Cognitive Technology; a deep dive into innovation
We have now entered the third era of computing — the cognitive era — and it will again fundamentally change the way humans work with machines. This new type of technology allows people to interact with computers using natural language. In the past, users needed to code or format text in a way that the system would understand. For example, if they wanted to conduct a search, they had to input keywords. Natural language processing allows people to ask questions or speak in sentences when interacting with systems, the same way they would talk to another human being. In addition, cognitive computing systems use machine learning to get smarter over time, just the way humans do. Unlike older technology, these new cognitive computing systems can analyze vast quantities of information and generate reasoned arguments and valuable insights.
Cognitive computing offers the opportunity to solve some of the biggest challenges humanity faces today. It’s helping doctors solve health crises across the globe. It’s allowing scientists to synthesize existing research and develop new breakthroughs. It’s assisting governments and nonprofits with planning for and response to disasters. And, it’s enabling businesses in nearly every industry to better serve their customers. Smart entrepreneurs are already finding ways to take advantage of this opportunity. They are embedding cognitive capabilities into their own technology to provide new insights, functionality, and value for their clients.Cognitive technology is in the same vein as machine learning and virtual reality except that it’s a broader concept. For example, the cognitive technology umbrella includes things like natural language processing (NLP) and speech recognition. Combined, these different technologies are able to automate and optimize a lot of tasks that were previously done by people, including certain aspects of accounting and analytics.
Both at home and at work, people are looking for technological solutions that can help them deal with their information overload. In some cases, the need is very serious; such as the example of the doctor having trouble keeping up with medical literature. Cognitive computing can help physicians stay up to date on the latest research. Much as a colleague would, it answers their questions about symptoms and possible treatments, and it allows them to spend more time with patients. In other cases, the need is a little more, like automatically recommending a good movie to watch based on a user’s past preferences, assisting with travel plans, or helping with other everyday tasks. But in both types of situations, people need tools that can help them make better decisions. They want technology to sort out what is relevant and what isn’t, and to give them sound, evidence-based advice. Within organizations, workers need tools that can help them generate insights, make better decisions, and develop expertise faster. Cognitive computing meets this need by sorting through vast quantities of structured and unstructured data and providing specific, personalized recommendations that are backed by solid evidence. And the system continues to learn and get better over time.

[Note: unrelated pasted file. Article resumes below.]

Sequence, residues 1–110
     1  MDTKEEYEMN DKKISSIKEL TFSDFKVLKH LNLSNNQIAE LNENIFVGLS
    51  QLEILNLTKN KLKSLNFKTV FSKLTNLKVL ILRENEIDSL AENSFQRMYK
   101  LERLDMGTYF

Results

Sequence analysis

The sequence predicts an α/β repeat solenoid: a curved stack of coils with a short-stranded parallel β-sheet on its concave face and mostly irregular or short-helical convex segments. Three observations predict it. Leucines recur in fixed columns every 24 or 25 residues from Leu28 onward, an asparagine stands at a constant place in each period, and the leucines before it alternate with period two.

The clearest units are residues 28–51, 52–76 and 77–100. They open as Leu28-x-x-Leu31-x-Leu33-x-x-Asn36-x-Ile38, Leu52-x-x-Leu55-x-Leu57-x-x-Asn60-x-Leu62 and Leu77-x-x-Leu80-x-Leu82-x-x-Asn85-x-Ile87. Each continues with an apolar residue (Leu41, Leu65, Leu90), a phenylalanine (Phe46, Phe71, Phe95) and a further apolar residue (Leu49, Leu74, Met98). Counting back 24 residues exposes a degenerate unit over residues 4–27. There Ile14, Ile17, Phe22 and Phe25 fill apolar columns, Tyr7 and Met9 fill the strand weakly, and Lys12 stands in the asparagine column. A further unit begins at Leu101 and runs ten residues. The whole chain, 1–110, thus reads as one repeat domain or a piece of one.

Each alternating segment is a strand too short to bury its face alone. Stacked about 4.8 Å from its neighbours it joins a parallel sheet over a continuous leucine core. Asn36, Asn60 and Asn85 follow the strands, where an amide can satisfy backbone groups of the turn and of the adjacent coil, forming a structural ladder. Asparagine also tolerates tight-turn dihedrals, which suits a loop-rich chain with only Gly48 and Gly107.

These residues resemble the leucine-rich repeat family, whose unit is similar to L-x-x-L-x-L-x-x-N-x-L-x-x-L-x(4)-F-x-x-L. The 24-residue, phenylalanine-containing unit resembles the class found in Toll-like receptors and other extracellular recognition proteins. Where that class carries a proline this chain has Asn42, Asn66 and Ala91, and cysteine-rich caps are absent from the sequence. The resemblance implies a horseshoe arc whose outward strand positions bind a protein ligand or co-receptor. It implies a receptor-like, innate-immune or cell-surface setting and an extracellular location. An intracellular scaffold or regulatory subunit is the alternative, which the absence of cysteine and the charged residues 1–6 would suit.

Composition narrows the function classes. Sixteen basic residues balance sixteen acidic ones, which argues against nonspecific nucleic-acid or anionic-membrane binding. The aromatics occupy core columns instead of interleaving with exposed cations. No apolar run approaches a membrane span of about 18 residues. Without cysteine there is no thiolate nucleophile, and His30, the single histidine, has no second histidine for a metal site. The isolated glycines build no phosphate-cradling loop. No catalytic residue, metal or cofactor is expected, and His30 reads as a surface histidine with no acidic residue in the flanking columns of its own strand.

How it’s affecting industries is; although cognitive technologies have a broad range of applications, Deloitte predicts that the industry sector most affected by this trend initially will be the software sector with 95% of enterprise software companies projected to adopt these technologies by 2020. śWith emerging technologies changing professional industries including banking, eCommerce, healthcare and education, staying up to date on the latest trends will give you a better understanding of your chosen industry and make you a more competitive candidate. Best of all, this knowledge might open up new doors within your field and others. Taking into account the customer experience changes that are occurring around us is important and perhaps can be summarized as uberization. Essentially, Uber and others like it—Airbnb and Alibaba, for example are interfaces to common chores in our lives: calling for a taxi, booking a vacation or making a retail purchase. Now, we finally see these human-like, yet technology-based, interfaces showing up in financial services such as banking, wealth management and insurance.
We can improve customer relationships with cognitive technology. Today’s consumers tend to be continuously connected, digitally savvy, convenience-loving and price sensitive. They tend to be this way in all industries, which is changing the ways banks are doing business. Banks need to find ways to cut through vast stores of data to find actionable information to keep customers, act with perfect timing, cultivate the relationship, discover what’s really going on, drill deep into market segments, earn permission to become part of the customer’s life, identify customers by their behavioral characteristics, make the right offer, renew customer loyalty, seize opportunities as they arise. Data is exploding, 90% of data today was created in the last 2 years and 10% of data is created since the existence of human kind. Humans training machines to think like humans; we’re teaching compters to recognize patterns to get reasonable outcomes.